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have started a universal project under the new Xcode4. My Application works on both iPhone & iPad devices but not well design for the iPad. I have 2 .xib file for the MainWindow: MainWindow.xib (iPhone device) & MainWindow-Ipad.xib (iPad device). But only one .xib file for my MainView: MainView.xib.

So I'm trying to create a specific .xib file for the iPad Device:

New file > User interface > View -> next -> device family : iPad -> MainView-iPad.xib -> save

And of course, there is nothing connected,no referencing outlet, no link to any class.

I check each thumbnail of my new MainView-iPad.xib in order to link it to my MainViewController class without success !?

Where or how can I link it to my MainViewController class? Thanks in advance.

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up vote 84 down vote

The correct answer was given by user763308:

To link a .xib to a class under Xcode4:

  1. Open your .xib.
  2. In placeholder: select File's Owner.
  3. In the third thumbnail:"Identity Inspector" of the right panel, edit the "Custom Class" field and enter the name of your class.

I also then had to:

  1. Click the root view under Objects.
  2. Click the last tab: "Show Connections".
  3. Drag "New referencing outlet" to "File's Owner" and select "view".
share|improve this answer
This seems like EXACTLY what you'd have to do, and I have had it work for me in the past, but I'm stumped at what to do when this occasionally DOESN'T work when trying to retroactively insert a .xib into a project and the .h/.m class still isn't connected up to the .xib – RanLearns Aug 14 '12 at 2:26
It is not auto correcting to the class i need to add in step 3. Tried cleaning the build. – tech savvy Apr 22 '14 at 17:33

You want to create a new UIViewController subclass, not a new UI file. That will create your .xib as well as the class files (.m and .h). The template is under Cocoa Touch.

Wanting to link to an existing view controller is probably not a good idea. If you're following the MVC (Model-View-Controller) design pattern, you have your data classes and view controllers separated. If you can, move things out of your MainViewController class and into a data class it owns. Then create another view controller for iPad and make it own an instance of your data class you created.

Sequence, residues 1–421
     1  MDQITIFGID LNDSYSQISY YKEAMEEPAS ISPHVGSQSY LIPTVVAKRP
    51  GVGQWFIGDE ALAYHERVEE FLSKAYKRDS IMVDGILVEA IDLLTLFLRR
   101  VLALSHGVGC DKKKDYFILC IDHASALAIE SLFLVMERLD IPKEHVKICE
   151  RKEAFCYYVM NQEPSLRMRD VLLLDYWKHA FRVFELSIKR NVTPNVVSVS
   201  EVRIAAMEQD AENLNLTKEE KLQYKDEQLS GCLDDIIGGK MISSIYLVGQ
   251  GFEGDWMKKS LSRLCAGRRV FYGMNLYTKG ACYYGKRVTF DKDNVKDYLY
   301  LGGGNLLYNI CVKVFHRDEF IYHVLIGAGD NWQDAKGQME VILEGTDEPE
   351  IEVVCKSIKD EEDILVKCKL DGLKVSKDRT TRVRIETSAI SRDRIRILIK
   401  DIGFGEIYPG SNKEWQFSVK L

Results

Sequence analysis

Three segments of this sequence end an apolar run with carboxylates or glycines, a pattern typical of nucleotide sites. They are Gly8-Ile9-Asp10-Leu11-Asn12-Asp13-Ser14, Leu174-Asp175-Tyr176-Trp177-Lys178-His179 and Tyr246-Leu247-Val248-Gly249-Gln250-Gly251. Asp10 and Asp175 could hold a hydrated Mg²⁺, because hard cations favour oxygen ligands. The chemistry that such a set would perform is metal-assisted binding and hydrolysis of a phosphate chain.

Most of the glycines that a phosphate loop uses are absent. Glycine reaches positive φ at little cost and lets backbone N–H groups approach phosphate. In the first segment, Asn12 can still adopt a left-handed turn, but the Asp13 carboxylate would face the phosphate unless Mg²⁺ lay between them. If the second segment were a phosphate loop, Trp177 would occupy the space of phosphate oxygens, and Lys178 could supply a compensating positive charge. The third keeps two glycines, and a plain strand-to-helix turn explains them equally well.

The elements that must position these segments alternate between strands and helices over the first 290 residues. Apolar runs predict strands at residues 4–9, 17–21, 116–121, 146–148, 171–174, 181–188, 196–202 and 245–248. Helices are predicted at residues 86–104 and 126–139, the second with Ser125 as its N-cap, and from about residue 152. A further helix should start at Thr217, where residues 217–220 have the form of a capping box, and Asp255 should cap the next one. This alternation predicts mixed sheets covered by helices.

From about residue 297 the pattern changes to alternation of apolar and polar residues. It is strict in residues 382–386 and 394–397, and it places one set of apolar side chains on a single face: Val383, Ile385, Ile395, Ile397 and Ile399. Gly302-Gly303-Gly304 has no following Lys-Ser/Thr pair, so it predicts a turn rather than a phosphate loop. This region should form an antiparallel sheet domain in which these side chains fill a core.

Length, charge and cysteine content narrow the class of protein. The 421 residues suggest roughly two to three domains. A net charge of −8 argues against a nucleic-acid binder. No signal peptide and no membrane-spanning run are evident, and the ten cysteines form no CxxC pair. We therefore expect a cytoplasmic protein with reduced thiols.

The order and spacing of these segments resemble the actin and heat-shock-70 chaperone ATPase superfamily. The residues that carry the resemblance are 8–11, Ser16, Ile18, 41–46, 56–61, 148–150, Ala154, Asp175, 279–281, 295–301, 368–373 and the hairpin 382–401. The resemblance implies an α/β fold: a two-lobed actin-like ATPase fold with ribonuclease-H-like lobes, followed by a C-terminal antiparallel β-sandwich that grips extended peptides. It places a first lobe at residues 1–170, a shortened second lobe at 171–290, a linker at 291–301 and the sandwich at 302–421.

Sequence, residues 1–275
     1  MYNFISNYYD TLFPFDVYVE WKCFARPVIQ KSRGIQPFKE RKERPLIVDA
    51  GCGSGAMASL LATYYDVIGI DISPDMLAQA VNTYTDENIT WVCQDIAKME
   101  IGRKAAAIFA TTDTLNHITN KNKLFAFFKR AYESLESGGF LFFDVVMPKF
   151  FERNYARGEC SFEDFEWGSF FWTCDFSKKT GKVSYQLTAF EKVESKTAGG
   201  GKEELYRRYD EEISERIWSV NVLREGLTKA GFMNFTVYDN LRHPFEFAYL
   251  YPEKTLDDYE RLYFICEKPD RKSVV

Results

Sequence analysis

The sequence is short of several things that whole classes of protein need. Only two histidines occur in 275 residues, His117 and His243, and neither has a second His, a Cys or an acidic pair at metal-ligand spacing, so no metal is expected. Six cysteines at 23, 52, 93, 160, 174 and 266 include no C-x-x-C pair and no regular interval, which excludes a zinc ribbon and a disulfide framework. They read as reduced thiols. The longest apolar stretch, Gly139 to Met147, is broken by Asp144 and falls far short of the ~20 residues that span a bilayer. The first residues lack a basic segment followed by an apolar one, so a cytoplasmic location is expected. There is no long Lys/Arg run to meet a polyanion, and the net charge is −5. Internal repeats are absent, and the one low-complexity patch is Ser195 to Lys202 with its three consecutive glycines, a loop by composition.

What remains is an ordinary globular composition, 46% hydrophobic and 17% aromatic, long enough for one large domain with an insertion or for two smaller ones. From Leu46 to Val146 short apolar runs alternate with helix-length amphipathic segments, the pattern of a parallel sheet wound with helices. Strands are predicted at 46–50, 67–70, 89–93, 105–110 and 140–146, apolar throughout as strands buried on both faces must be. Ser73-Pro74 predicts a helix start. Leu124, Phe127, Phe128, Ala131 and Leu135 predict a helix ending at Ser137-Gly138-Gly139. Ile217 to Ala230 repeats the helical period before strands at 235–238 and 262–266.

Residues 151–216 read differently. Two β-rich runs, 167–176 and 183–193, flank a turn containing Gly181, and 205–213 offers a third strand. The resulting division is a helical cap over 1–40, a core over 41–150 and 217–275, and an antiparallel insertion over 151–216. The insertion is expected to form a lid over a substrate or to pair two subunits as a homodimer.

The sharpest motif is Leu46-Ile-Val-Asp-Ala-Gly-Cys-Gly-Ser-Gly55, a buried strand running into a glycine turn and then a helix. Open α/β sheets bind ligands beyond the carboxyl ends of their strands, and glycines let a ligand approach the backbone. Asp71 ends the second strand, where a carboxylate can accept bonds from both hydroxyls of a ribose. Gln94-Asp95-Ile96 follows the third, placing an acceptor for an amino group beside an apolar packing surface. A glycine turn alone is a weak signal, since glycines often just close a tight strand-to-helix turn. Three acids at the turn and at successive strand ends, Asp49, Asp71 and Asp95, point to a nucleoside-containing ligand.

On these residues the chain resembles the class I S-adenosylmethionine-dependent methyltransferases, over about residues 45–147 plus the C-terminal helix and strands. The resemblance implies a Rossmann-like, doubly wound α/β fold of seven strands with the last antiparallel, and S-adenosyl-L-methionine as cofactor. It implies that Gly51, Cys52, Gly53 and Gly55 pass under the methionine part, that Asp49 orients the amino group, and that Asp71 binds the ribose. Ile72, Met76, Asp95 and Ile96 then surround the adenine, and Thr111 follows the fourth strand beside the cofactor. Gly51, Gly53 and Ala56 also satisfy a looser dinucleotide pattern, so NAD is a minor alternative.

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Thank you for Your reply. For sure, I'm trying to follow the MVC Model but for me (and perhaps I'm totally wrong) the .xib files represent the "Views" of the MVC model. I don't see anything wrong to have 1 controller with 2 views.And if I have to create 1 controller for each View, each time I made a change in one of my controller I have to duplicate it in the other controller? In all cases, to link a .xib to a class under Xcode4: *Open your .xib *In placeholder: select File's Owner *In the third thumbnail:"Identity Inspector" of the right panel -custom Class section:choose the class file – user763308 May 21 '11 at 8:47
I'm pretty sure you usually create one .xib per UIViewController subclass. Here are the Apple docs on it:… – Tom Hamming May 23 '11 at 17:04

It's not necessarily incorrect to have a 2:1 ratio of .xib to controller class in the case of a Universal App. Here's the pattern I follow:

You have your MainViewController class. You have 2 .xib files: MainView-iPhone.xib and MainView-iPad.xib. Both of these file have their "File's Owner" outlet set to MainViewController. Now, to ensure the view controller actually loads the correct interface and connects all the right outlets depending upon the device on which the app is running, I'll do something like the following:

MainViewController* controller = nil;
if (UI_USER_INTERFACE_IDIOM() == UIUserInterfaceIdiomPad) {
    controller = [[MainViewController alloc]initWithNibName:@"MainView-iPad" bundle:[NSBundle mainBundle]];
} else {
    controller = [[MainViewController alloc] initWithNibName:@"MainView-iPhone" bundle:[NSBundle mainBundle]];
/* Present the controller */

Now, I should also say that this is only a good idea if there aren't too many distinct code paths that need to be followed when run on different devices. If the controller's behavior is more specialized when running on an iPad vs. and iPhone, it's a better idea to abstract the common behavior in MainViewController and then write two sublasses: MainViewController_iPhone and MainViewController_iPad. Each subclass then loads the appropriate .xib file and handles all of the specifics internally. In this case, the above code would look more like:

MainViewController* controller = nil;
if (UI_USER_INTERFACE_IDIOM() == UIUserInterfaceIdiomPad) {
    controller = [[MainViewController_iPad alloc] init];
} else {
    controller = [[MainViewController_iPhone alloc] init];
/* Present the controller */
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To link the .xib to the class file u can do the following steps: -

1) go to the right side view. 2) click on the third button and in that u have a row asking about the custom class der u just write the name of the class file u want it to be linked.

for creating the referencing outlets :-

1) u can copy all the outlets from the iPhone .xib and paste it here and then drag all the outlets to the file owner and then connect them.

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Thanks, part of what i needed to fix was to assign the custom class name. – Jonathan Starr Jul 8 '13 at 21:57

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